Thanksgiving Turkey Smackdown

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Does the thought of cooking a turkey make you groan? With Thanksgiving coming up, many people are in the throes of planning gut-busting meals featuring the difficult-to-cook bird in the leading role.

But cooking a moist, flavorful turkey doesn’t have to ruffle your feathers. We asked the chefs at Williamsburg’s brand-new Australian restaurant, The Wombat, for some advice and some recipes. Executive chef Anders Goldkuhl and sous-chef Jerry Simonetti were happy to oblige.

Although there’s no magic trick to making sure the turkey isn’t drier than the Sahara, Goldkuhl and Simonetti offered up some helpful insights throughout the cooking process, which starts before the turkey goes anywhere near the oven. (Their recipes appear at right.)

Letting the turkey sit overnight in a pot of brine is essential. “Brining helps plump up the bird and keeps it moist,” says Goldkuhl. The brine is also what is used to baste the turkey while it is roasting.

Basting is also essential to a good turkey, according to the chefs. The best way to do it is to baste every 15 minutes or so, but it has to be done quickly. Opening the oven for long periods of time wastes essential heat and humidity.

If the recipe calls for a marinade, injecting some of the marinade under the turkey’s skin can also infuse the bird with flavor and juices.

But the most important thing, according to Goldkuhl, is “Don’t overcook it — and when done, to let it rest.”

Letting the bird sit for a half-hour or so after it comes out of the oven gives the juices that migrated to the middle of the bird during roasting a chance to redistribute to the entire turkey.

Once it’s time to eat, even the way a turkey is carved can affect the texture of the meat.

“Carving is a nightmare,” says Goldkuhl, who prefers to simply cut out the breast whole and then cut it into smaller pieces. Carving a bird the traditional way can toughen it. Goldkuhl’s method also wastes less meat.

Besides these useful tidbits, Goldkuhl and Simonetti also gave us two turkey-and-stuffing recipes for our turkey smackdown — one traditional, and one (for adventurous cooks) with an Australian twist.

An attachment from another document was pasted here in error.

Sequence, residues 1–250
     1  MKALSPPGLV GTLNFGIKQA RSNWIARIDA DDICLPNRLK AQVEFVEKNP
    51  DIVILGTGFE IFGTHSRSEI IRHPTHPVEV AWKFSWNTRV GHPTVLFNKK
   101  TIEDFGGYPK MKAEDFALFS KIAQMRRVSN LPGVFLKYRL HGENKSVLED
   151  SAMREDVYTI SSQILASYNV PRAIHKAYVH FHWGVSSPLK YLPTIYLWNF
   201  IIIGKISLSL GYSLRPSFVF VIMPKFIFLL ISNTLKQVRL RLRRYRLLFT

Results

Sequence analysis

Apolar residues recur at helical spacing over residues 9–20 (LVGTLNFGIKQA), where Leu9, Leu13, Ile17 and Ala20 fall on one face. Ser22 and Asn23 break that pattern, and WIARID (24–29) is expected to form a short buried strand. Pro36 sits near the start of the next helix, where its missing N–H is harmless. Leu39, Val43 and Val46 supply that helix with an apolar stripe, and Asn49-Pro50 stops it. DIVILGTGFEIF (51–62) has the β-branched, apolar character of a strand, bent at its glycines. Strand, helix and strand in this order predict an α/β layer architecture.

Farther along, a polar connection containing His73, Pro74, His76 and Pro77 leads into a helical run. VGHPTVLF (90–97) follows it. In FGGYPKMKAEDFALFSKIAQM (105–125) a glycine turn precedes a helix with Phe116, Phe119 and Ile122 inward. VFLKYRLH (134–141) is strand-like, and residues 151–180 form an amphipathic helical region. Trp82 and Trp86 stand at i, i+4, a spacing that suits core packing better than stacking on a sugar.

Here’s how they came out:

The traditional turkey was both easy to make and easy to eat. The flavor was homey and comforting, and the stuffing was melt-in-your-mouth soft. The only disadvantage to this recipe is that the skin doesn’t crisp.

The Australian bird — although a little harder to make — was well-worth the effort. The unique Australian spices, “akudjura” (desert raisins colloquially known as “bush tomatoes”) and lemon myrtle, along with a comfit of wild limes, gives this turkey a citrus-sweet, peppery tang.

“The lemon myrtle gives it that sort of sherbet shock flavor,” says Goldkuhl.

And the skin of the Aussie bird crisped nicely as well; the marinade that Goldkuhl had spread over the skin and injected into the bird caramelized on top of the bird and spread the flavor of the spices deep into the breast.

Some of the ingredients for the Aussie bird might be a bit difficult to locate, however, making it a more ambitious project, but Goldkuhl said that more and more supermarkets are carrying the spices now.

Many of the ingredients, like the Marmite and the crumpets — a cousin to the fabled Vegemite — can also be found on the stretch of Queens Boulevard known as the Butcher’s Block, in Sunnyside, where there are English and Irish specialty food stores.

Updated 4:00 pm, November 10, 2010
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